HONGRIE – x Szigetvar - A group of Turkish and Hungarian historians have launched a fresh expedition to find the Otomman Sultan Suleiman the Magnificent’s heart and inner organs, believed to be buried in a shrine on the top of a hill near Szigetvar, Hungary, after he died during the famous siege of the town’s fortress in 1566. Most historians assume that the shrine, destroyed by Austro-Hungarians some 123 years after it was built, was located under the Szuz Maria (Saint Marie) Church. However, experts leading the excavations told daily Hürriyet that no traces of the shrine have been found under the grounds of the Church. “We are now certain that the shrine is not located here [in the Church]. Now we will scan the scores of documentation on the issue, obtain the required permits and excavate nearby the vineyard houses,” Hungarian team leader Erica Hancz told Hürriyet, noting that 2016 would be the 450th anniversary of Suleiman's death.
TURQUIE – Istanbul - The Ottoman gravestones that were brought back to Turkey after their auction sale in Britain was stopped thanks to the efforts of Turkish Ministry of Culture and Tourism are being exhibited now in Istanbul Archaeology Museums Directorate. The gravestones, which are thought to be stolen from Istanbul, are on display in Istanbul Archaeology Museums Directorate for a week as of Sunday. Istanbul Turkish and Islamic Arts Museum will take the gravestones, dating back to the 17th and 18th centuries as experts say, under its protection.
GRECE – Dikili Tash - In the prehistoric settlement of Dikili Tash were discovered the oldest samples of wine that were ever recorded in Europe. The samples date back to 4200 BC and reverse existing data regarding the way of living during the Neolithic period. The prehistoric site of Dikili Tash is located south east of Drama in Eastern Macedonia, Greece. It lies approximately 2 km from the ruins of the ancient city of Philippi and within the limits of the modern town of Krinides (Municipality of Kavala). “It is an impressive and important discovery,” the archaeologist of the 17th Ephorate of Prehistoric and Classical Antiquities and co-director of the excavations at Dikili Tash Dimitra Malamidou told dimokratianews.gr. She explained that, “During the excavations that took place in a house on the archaeological site, called House 1, quantities of carbonized grape berries that had been pressed were discovered in pots, a fact which proves the extraction of juice from grapes.” “So far, we knew that people drank wine in the Bronze Age (from the 12th century B.C. henceforth), but now we learn that the wine-making process was known long before that Age, since 4200 BC,” Malamidou stated. Based on the new findings occur new data regarding the consumption of wine, as well as the social groups of the Neolithic period.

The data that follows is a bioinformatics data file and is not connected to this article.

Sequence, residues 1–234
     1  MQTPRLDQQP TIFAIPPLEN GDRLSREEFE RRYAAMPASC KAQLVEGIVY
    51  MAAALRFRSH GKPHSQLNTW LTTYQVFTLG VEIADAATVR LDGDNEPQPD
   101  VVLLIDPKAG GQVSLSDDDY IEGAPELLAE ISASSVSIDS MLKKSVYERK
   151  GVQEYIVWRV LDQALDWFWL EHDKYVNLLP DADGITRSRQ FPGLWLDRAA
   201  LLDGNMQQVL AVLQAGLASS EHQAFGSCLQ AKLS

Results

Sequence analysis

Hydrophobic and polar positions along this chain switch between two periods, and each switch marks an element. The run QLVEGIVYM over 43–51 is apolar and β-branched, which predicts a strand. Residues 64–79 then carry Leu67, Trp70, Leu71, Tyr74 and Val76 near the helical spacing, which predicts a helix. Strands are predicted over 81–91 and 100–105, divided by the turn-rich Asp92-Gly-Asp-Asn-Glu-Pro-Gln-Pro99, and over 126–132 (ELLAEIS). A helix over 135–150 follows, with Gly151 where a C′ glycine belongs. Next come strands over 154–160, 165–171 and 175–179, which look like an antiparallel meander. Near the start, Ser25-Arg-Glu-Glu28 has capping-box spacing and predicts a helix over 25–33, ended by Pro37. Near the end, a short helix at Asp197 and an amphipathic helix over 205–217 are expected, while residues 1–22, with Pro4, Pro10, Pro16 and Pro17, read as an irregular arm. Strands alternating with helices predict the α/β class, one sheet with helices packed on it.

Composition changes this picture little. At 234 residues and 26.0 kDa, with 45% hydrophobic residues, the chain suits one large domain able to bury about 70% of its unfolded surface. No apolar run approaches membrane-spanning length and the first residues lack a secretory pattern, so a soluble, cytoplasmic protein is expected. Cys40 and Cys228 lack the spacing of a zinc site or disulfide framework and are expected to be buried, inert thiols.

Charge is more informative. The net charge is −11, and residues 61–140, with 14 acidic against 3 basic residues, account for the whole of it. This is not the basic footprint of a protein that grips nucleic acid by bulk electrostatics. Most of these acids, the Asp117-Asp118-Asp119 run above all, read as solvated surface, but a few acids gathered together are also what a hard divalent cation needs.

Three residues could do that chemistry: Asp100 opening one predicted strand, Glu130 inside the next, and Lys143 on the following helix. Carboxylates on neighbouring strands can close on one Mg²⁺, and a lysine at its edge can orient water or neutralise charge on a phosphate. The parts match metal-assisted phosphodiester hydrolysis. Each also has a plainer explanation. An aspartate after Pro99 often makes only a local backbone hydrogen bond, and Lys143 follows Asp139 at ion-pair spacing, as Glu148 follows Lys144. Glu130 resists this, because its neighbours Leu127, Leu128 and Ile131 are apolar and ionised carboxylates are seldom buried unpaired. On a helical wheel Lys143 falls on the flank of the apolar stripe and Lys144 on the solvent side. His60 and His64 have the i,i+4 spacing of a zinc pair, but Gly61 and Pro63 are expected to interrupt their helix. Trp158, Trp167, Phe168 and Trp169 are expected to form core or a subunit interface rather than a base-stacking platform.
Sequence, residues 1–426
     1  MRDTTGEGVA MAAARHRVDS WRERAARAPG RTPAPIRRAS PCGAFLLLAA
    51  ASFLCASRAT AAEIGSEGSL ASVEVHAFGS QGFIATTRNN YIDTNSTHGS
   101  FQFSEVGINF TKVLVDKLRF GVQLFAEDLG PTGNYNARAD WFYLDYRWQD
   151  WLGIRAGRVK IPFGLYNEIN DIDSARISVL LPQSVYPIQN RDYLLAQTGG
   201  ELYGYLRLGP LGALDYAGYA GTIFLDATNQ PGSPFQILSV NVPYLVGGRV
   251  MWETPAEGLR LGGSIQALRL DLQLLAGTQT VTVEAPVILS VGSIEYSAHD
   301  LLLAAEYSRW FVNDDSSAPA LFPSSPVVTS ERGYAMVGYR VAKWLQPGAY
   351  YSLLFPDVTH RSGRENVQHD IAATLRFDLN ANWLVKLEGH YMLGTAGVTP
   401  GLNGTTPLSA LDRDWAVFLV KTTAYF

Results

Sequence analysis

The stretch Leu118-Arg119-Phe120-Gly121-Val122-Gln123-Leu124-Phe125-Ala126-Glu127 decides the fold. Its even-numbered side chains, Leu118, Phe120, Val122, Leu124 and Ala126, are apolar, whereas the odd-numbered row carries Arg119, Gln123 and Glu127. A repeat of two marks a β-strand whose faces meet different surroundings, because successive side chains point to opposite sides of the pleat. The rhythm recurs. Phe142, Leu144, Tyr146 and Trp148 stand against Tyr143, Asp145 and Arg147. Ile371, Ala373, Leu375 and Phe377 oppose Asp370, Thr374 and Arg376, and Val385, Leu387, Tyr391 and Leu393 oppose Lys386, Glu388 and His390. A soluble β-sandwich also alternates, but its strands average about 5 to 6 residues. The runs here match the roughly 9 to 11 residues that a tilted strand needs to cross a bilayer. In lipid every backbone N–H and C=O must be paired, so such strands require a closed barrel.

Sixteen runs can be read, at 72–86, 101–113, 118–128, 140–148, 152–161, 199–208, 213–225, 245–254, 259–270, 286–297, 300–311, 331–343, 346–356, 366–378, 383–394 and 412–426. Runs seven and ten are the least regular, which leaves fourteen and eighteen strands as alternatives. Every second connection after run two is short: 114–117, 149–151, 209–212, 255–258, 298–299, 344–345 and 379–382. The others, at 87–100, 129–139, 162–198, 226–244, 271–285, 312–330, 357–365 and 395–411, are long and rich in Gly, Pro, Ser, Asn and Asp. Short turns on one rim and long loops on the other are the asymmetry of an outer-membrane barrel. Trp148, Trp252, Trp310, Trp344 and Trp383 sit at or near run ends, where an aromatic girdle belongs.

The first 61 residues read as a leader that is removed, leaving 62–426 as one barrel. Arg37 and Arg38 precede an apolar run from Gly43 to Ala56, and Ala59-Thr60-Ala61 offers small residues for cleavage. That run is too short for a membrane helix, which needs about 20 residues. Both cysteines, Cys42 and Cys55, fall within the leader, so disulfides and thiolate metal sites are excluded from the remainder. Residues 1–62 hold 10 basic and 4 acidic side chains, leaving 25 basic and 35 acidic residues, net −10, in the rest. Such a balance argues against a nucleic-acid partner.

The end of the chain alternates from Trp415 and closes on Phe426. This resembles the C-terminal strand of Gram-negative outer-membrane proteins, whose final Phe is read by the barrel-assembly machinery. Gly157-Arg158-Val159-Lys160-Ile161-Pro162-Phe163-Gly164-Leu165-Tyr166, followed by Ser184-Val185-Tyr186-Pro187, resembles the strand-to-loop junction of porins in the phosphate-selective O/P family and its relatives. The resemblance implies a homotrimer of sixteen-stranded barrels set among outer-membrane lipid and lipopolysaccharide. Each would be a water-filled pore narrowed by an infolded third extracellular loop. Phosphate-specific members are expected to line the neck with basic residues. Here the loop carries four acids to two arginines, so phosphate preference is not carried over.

ROYAUME UNI – St Martin - Islands perhaps better known for their Bronze Age relics are revealing traces of an earlier civilisation. A settlement being unearthed on St Martin's represents "the most promising neolithic site in Scilly", according to Dr Duncan Garrow of Liverpool University, a specialist in the prehistory of North- West Europe. Along with maritime archaeologist Dr Fraser Sturt of Southampton University and a ten-strong team, supplemented by locals, he is exploring how Neolithic man arrived on the islands some 5,000 to 6,000 years ago. After identifying a possible Mesolithic or Neolithic occupation site at St Martin's Old Quay last year, based on finds of pottery and flint tools, Dr Garrow is now conducting a dig in the area, and called it the most promising site in Scilly. It is part of a Stepping Stones project investigating a northward migration from Europe via seaways and islands in which nomadic hunter-gatherers became settled farmers.